Educational paper - Syndromic forms of primary immunodeficiency
The syndromic primary immunodeficiencies are disorders in which not only the immune system but also other organ systems are affected. Other features most commonly involve the ectodermal, skeletal, nervous, and gastrointestinal systems. Key in identifying syndromic immunodeficiencies is the awareness that increased susceptibility to infections or immune dysregulation in a patient known to have other symptoms or special features may hint at an underlying genetic syndrome. Because the extraimmune clinical features can be highly variable, it is more difficult establishing the correct diagnosis. Nevertheless, correct diagnosis at an early age is important because of the possible treatment options. Therefore, diagnostic work-up is best performed in a center with extensive expertise in this field, having immunologists and clinical geneticists, as well as adequate support from a specialized laboratory at hand. This paper provides the general pediatrician with the main clinical features that are crucial for the recognition of these syndromes.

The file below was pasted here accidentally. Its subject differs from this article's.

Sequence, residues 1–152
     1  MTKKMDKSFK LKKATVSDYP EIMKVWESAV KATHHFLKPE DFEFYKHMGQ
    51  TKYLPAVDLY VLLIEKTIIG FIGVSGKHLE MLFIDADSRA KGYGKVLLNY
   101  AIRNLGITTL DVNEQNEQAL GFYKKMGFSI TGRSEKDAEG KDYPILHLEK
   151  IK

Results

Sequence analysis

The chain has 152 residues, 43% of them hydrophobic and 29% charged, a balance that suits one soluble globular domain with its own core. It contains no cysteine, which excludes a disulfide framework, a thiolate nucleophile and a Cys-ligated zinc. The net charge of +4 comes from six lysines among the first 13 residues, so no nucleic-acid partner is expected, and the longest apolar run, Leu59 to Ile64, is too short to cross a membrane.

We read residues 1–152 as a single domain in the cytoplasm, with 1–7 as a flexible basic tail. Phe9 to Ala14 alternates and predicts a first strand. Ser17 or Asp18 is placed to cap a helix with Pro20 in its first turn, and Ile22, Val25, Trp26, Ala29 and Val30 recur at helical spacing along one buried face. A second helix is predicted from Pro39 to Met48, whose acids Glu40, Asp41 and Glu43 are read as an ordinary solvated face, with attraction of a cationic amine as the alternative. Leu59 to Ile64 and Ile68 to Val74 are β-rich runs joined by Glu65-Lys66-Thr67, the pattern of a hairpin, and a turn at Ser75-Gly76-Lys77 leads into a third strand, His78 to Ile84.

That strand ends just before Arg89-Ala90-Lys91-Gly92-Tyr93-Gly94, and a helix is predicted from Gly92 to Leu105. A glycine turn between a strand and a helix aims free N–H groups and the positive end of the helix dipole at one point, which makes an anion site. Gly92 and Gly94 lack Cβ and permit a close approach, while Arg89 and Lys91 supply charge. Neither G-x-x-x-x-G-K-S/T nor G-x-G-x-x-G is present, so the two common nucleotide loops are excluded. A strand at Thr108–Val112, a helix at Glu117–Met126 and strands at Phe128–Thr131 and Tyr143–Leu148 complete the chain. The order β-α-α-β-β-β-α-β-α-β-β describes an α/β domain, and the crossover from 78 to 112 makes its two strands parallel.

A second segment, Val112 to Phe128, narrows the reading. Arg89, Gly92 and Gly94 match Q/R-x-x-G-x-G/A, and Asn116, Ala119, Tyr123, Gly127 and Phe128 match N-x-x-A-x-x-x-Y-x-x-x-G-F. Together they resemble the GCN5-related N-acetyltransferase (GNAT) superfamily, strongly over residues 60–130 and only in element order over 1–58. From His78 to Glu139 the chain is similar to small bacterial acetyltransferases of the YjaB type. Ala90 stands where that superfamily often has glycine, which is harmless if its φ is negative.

|Keywords||22q11 deletion syndrome, DNA repair disorders, Genetics, Primary immunodeficiency, Syndromic immunodeficiency|
|Persistent URL||dx.doi.org/10.1007/s00431-011-1396-7, hdl.handle.net/1765/23278|
Kersseboom, R., Brooks, A.S., & Weemaes, C.M.R.. (2011). Educational paper - Syndromic forms of primary immunodeficiency. European Journal of Pediatrics, 170(3), 295–308. doi:10.1007/s00431-011-1396-7